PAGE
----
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Korea ranks 29th on OECD’s well-being index

Nov 22,2017
Korea ranked 29th out of 38 countries on this year’s OECD Better Life Index, which is the Organization for Economic Co-operation and Development’s measure of well-being, signaling a steady decline from 28th place last year and 27th the year before that.

The index assesses housing, income, jobs, community, education, environment, civic engagement, health, life satisfaction, safety and work-life balance. Korea performed well with regard to housing, jobs, education and civic engagement.

Korea’s housing affordability ranked the highest among OECD member states, though both the average number of rooms per person and access to basic sanitation, such as an indoor flushing toilet, were below the OECD average. Korea also saw an increase in income and wealth, with household net adjusted disposable income now 23 percent higher than in 2005.

It also ranked 13th in education, with 87 percent of adults aged 25 to 64 completing upper secondary education, higher than the OECD average of 74 percent. According to the OECD, “Korea is the top-performing OECD country in reading literacy, maths and sciences with the average student scoring 519 [on the Programme for International Student Assessment], above the OECD average of 486.”

In terms of civic engagement, the OECD saw a decrease in voter turnout in member states from 2005 to 2017, whereas Korea experienced a turnout of 77 percent in 2017, a 14 percent increase from 10 years ago.

But Korea performed poorly in terms of community, environment, health, life satisfaction, safety and work-life balance.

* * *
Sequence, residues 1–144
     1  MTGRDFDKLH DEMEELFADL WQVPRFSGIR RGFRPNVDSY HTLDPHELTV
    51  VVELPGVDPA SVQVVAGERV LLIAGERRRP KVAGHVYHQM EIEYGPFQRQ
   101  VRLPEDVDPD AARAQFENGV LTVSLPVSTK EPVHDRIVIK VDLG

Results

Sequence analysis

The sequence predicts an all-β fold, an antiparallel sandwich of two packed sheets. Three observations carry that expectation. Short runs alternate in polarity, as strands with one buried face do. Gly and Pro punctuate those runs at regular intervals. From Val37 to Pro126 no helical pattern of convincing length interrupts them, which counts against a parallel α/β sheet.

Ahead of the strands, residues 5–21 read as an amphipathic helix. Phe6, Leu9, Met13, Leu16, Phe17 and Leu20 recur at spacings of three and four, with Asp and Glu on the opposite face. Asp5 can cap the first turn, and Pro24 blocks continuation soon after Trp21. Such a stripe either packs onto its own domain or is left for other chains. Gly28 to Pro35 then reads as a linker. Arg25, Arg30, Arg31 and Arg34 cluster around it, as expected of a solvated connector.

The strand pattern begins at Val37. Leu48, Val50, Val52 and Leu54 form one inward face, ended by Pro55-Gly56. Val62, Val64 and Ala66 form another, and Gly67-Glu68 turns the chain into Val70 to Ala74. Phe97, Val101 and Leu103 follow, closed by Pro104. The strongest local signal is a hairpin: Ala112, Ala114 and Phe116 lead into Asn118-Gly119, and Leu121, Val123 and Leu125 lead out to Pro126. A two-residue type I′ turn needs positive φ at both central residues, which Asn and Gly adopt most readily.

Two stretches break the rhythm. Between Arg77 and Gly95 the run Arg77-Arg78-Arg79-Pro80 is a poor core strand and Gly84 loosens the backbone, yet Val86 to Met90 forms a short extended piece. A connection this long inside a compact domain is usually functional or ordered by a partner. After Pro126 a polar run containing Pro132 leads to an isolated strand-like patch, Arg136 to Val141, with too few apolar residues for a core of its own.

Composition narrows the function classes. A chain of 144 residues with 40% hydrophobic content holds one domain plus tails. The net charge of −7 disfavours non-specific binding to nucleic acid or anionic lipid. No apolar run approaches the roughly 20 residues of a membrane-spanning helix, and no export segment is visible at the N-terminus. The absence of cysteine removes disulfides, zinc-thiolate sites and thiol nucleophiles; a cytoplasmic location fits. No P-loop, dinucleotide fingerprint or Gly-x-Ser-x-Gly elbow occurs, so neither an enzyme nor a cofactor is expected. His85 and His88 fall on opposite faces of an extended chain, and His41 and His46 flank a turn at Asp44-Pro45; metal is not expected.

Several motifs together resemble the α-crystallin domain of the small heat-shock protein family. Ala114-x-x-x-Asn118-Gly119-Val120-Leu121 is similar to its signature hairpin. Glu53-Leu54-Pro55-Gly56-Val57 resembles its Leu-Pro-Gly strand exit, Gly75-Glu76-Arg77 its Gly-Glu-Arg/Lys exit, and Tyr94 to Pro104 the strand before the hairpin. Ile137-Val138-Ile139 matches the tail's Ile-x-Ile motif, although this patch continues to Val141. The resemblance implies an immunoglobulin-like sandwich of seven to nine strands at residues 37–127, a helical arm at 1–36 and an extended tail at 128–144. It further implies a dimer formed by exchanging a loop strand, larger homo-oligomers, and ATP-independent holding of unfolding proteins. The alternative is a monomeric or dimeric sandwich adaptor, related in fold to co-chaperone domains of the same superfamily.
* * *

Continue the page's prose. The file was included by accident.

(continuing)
Korea ranked last in terms of community, echoing government studies that show 749 people died alone in 2012 and 1,226 died alone last year. A month ago, a 40-year-old man was found dead in a Busan apartment complex a week after his death, while a 60-year-old man was found 10 days after his death in Chungju, North Chungcheong. Police investigations confirmed that both were without close family or friends, and were living in social isolation. To address the issue, the Neighborhood Regeneration Plan was introduced in 2013.

According to the OECD, the cities of Jeonju and Changwon were selected as initial testing sites for the plan, which has elicited positive reactions from residents and local governments of both places.

For the OECD community index, respondents were asked, “If you were in trouble, do you have relatives or friends you can count on?” Among people over the age of 50, 61 percent of Koreans said they did, the lowest of all, compared to the OECD average of 76 percent.

Korea also ranked third from last in terms of environment. Its fine-dust pollution is often higher than the World Health Organization’s guideline limit of 10 micrograms per cubic meter, and on March 20, Seoul had the second-worst air quality in the world after New Delhi.

Concerning health, life expectancy at birth in Korea is now 82 years, two years above the OECD average, though the percentage of Koreans rating their health as “very good” and “good” has fallen 11 percent since 2005. The OECD cautions, however, that “the assessment can be affected by factors such as cultural background.”

Under life satisfaction, Korea ranked 30th, just below Japan. When asked to rate their general life satisfaction on a scale from 0 to 10, the average score Koreans gave was 5.9, lower than the OECD average of 6.5. The index also measures gender and social inequality as indicators of life satisfaction and gave Korea’s gender inequality a chilling 38 out of 38.

Finally, though the nation saw a 40 percent decrease in the number of deaths due to assault within the decade, the percentage of people who report that they feel safe walking alone at night was below the OECD average of 69 percent, placing Korea at 26th under safety.

BY LAURA SONG, KIM KI-CHAN [song.hankyul@joongang.co.kr]